This Vishnusahasranama stotra, which is the most widely known, is a garland of the thousand names of Lord Vishnu, strung in to a beautiful stotra by the legendary Rishi Veda Vyasa, acknowledged as one of the greatest exponents of the Vedic wisdome. Apart from the great epic Mahabharata, he also wrote the Brahma Sutras (he is also called Badarayana), a treatise expounding the essence of Hindu philosophy. His father is Rishi Parashara, the redoubtable astrologer-saint who laid the foundation stone for to-days Vedic astrology by systematizing our great predictive science in his famous treatise the Brihat Parashara Hora Shastra. The depth of his astrological knowledge was so great that, one day while crossing a river in a boat, he casually looked at his favorite stars in heaven, and suddenly realized that it was an exceptionally auspicious moment and if a child is conceived at that moment, he will be an expert in the shastras. So he told this to the lady rowing the boat and requested her to marry him. She agreed and the son born was Veda Vyasa!
It is in this Veda Vyasa’s Mahabharata, in the shanti parva, that we will find the Vishnu Sahasranama Stotra, which Bheeshma prescribes to King Yudhisthira. The backdrop to the prescription is as follows:
Soon after the death of Duryodhana, Yudhisthira was coroneted as the king. Though the war was over, Bheeshma was still lying on the bed of arrows as he vowed to leave this world only when the kingdom of Hastinapur is safe. Knowing this, immediately after the coronation, Yudhisthira, accompanied by Lord Krishna and his brothers, went to Bheeshma. Before leaving his mortal body, Bheeshma gives a long discourse to Yudhisthira on various aspects of life and Dharma. After listening to everything, Yudhisthira wants to know if there is any one thing through which one can achieve all; and Bheeshma prescribes the Viashnusahasranama stotra. The first 13 stanzas are the dialog between Yudhisthira and Bheeshma. The next three stanzas are the customary Dhyana verses.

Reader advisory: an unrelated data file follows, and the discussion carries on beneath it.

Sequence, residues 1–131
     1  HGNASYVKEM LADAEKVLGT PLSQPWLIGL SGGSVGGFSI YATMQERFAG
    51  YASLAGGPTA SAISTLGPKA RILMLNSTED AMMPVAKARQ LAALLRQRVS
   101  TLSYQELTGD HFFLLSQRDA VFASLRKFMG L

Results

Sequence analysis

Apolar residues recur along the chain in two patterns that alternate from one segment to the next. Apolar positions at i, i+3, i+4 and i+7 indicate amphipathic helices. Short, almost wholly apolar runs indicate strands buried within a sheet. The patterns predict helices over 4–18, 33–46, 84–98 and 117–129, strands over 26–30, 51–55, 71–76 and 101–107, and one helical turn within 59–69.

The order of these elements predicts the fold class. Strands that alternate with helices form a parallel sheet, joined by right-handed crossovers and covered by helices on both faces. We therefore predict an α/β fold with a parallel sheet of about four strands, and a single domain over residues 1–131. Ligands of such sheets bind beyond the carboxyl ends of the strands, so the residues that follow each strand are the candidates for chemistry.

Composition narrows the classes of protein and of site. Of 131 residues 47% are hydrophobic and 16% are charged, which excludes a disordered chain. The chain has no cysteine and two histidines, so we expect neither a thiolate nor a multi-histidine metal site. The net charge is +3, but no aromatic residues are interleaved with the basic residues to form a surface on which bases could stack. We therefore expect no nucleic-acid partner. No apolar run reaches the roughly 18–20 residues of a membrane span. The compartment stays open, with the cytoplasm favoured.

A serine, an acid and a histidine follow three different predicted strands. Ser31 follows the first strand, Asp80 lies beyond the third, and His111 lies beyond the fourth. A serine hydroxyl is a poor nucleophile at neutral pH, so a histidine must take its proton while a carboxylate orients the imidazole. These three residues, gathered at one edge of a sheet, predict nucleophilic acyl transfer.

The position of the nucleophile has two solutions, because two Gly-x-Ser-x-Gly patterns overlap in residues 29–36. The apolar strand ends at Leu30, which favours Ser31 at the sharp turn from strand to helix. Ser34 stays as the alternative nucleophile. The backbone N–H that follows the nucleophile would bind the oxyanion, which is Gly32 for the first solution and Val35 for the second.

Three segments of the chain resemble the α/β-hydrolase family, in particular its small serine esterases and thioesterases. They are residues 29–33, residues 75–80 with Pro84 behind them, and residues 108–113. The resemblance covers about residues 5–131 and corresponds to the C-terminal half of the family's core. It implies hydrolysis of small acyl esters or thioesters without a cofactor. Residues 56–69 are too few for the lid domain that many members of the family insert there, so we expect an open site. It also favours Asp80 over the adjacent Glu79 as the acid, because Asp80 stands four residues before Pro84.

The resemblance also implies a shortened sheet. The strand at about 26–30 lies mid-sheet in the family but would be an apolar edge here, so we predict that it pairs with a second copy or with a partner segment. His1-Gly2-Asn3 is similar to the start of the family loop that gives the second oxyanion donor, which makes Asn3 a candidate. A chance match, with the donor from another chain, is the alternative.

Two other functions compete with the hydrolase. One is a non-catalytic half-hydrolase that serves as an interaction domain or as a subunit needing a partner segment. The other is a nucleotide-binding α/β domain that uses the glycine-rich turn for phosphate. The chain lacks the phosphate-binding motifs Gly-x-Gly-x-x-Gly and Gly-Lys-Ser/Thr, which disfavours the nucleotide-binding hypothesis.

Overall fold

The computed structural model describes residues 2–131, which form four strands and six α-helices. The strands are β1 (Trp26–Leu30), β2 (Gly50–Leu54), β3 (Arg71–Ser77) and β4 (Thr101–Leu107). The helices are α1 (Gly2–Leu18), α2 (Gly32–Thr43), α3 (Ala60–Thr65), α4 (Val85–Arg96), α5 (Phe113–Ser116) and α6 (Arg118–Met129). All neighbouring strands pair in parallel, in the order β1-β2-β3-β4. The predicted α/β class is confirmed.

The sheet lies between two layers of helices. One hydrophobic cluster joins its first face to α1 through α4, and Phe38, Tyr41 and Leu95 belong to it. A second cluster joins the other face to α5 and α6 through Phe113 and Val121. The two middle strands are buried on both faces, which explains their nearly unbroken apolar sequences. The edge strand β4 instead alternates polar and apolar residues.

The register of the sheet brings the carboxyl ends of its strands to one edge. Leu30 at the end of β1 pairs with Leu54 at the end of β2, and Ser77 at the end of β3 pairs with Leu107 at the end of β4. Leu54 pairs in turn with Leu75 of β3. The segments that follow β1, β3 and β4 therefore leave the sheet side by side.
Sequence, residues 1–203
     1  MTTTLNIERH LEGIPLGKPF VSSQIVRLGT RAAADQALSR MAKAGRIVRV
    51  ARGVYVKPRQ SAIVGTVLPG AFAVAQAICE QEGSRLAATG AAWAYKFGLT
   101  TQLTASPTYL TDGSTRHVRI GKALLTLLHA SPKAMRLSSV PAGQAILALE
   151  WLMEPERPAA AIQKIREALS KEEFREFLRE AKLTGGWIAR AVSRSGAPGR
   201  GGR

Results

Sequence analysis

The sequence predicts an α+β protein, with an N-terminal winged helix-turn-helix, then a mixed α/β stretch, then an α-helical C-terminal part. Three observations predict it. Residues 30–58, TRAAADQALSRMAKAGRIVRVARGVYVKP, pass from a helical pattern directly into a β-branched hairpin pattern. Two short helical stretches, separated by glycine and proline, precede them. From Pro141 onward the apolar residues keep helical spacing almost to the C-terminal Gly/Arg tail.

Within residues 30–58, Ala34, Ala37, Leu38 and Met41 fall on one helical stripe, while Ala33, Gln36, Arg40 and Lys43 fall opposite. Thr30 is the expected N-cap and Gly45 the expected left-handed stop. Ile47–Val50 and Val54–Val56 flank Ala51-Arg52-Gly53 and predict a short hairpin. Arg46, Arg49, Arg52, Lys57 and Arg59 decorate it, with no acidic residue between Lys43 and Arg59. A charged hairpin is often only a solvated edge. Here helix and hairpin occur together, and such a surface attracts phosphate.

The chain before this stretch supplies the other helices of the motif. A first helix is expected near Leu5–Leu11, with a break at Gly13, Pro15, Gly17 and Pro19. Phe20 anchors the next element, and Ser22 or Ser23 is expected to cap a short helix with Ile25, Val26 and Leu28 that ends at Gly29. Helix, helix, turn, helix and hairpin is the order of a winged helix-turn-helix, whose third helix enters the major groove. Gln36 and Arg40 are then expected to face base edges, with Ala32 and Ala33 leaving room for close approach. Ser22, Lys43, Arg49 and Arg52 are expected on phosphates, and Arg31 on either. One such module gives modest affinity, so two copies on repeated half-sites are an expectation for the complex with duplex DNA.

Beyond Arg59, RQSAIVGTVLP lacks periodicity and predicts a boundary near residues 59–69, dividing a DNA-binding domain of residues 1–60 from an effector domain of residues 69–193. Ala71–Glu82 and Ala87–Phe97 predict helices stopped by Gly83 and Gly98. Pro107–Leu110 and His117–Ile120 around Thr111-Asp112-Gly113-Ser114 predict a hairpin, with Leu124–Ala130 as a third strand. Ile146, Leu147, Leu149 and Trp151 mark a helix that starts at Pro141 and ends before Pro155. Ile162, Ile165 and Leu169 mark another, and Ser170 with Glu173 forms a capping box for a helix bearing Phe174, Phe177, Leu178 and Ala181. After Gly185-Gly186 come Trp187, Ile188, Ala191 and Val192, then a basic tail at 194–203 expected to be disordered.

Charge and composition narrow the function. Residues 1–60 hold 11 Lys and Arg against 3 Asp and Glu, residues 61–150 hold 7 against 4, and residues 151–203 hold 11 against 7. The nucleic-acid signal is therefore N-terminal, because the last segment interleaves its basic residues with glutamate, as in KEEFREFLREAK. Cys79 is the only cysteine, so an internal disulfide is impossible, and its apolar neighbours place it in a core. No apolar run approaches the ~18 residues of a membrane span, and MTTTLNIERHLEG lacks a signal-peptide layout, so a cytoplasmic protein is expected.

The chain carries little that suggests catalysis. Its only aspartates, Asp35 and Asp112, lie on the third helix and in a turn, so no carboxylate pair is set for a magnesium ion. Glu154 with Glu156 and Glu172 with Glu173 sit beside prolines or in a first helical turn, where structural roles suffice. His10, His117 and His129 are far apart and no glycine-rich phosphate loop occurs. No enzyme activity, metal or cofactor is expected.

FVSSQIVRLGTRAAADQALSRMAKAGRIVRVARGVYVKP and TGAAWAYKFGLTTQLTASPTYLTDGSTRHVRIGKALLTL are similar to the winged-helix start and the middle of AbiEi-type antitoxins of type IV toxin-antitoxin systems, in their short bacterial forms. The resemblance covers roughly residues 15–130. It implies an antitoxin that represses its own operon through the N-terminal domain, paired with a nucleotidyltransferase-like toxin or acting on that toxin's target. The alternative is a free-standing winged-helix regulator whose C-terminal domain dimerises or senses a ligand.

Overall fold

The Greatest Hindu philosopher of India, Adi Shankaracharya, wrote the Bhashya (word-to-word meaning) of the 1000 names of Vishnu that are there in this sahasranama stotra, in the 6th century ad. The story of writing this is also an interesting one. Actually, being a great Devi devotee he wanted to write the commentary on the Lalita sahasranama stotra and asked a deciple to bring the text. The dicple brought the Vishnu sahasranama text. Twice this mistake was repeated and then Shree Shankaracharya heard a Divine voice asking him to write the commentary on the Vishnu sahasranama.
There is one more Vishnu sahasranama stotras in the puranas, given to Narada by Lord. Shiva (Also known as Sri Narada pancharatragamoktam) but somehow it is not popular.
There is also a Vishnu sahasranama in the famous Sikh scripture Sundar Gutka, written
by Guru Arjun Devji, one of the main Sikh Gurus. It is known as “Sahasaranama”.
I have put an authentic photocopy of this in this site as
Vishnu shasranama in Sikhism
pages 465 to 471 of Sundar Gutka put together.